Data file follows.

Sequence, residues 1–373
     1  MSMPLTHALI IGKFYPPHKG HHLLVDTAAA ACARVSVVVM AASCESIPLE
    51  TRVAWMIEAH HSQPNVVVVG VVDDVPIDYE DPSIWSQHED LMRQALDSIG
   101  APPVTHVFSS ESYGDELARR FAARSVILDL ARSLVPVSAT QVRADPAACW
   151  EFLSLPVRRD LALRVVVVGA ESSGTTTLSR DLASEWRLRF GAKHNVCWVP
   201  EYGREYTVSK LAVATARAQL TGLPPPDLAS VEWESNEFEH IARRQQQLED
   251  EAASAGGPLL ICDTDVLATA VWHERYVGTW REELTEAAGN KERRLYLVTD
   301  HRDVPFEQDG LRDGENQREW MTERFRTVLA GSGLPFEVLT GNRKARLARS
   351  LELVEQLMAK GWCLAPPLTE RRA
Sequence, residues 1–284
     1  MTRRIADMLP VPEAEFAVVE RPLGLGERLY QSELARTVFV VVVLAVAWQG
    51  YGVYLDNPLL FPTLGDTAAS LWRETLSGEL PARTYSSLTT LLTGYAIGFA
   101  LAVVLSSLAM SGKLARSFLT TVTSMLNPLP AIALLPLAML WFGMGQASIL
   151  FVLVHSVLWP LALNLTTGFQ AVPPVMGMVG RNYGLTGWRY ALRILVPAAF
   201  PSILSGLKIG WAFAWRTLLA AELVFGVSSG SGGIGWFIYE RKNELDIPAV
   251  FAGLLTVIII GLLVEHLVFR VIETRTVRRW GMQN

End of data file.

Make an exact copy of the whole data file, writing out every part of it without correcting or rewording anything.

Sequence, residues 1–373
     1  MSMPLTHALI IGKFYPPHKG HHLLVDTAAA ACARVSVVVM AASCESIPLE
    51  TRVAWMIEAH HSQPNVVVVG VVDDVPIDYE DPSIWSQHED LMRQALDSIG
   101  APPVTHVFSS ESYGDELARR FAARSVILDL ARSLVPVSAT QVRADPAACW
   151  EFLSLPVRRD LALRVVVVGA ESSGTTTLSR DLASEWRLRF GAKHNVCWVP
   201  EYGREYTVSK LAVATARAQL TGLPPPDLAS VEWESNEFEH IARRQQQLED
   251  EAASAGGPLL ICDTDVLATA VWHERYVGTW REELTEAAGN KERRLYLVTD
   301  HRDVPFEQDG LRDGENQREW MTERFRTVLA GSGLPFEVLT GNRKARLARS
   351  LELVEQLMAK GWCLAPPLTE RRA
Sequence, residues 1–284
     1  MTRRIADMLP VPEAEFAVVE RPLGLGERLY QSELARTVFV VVVLAVAWQG
    51  YGVYLDNPLL FPTLGDTAAS LWRETLSGEL PARTYSSLTT LLTGYAIGFA
   101  LAVVLSSLAM SGKLARSFLT TVTSMLNPLP AIALLPLAML WFGMGQASIL
   151  FVLVHSVLWP LALNLTTGFQ AVPPVMGMVG RNYGLTGWRY ALRILVPAAF
   201  PSILSGLKIG WAFAWRTLLA AELVFGVSSG SGGIGWFIYE RKNELDIPAV
   251  FAGLLTVIII GLLVEHLVFR VIETRTVRRW GMQN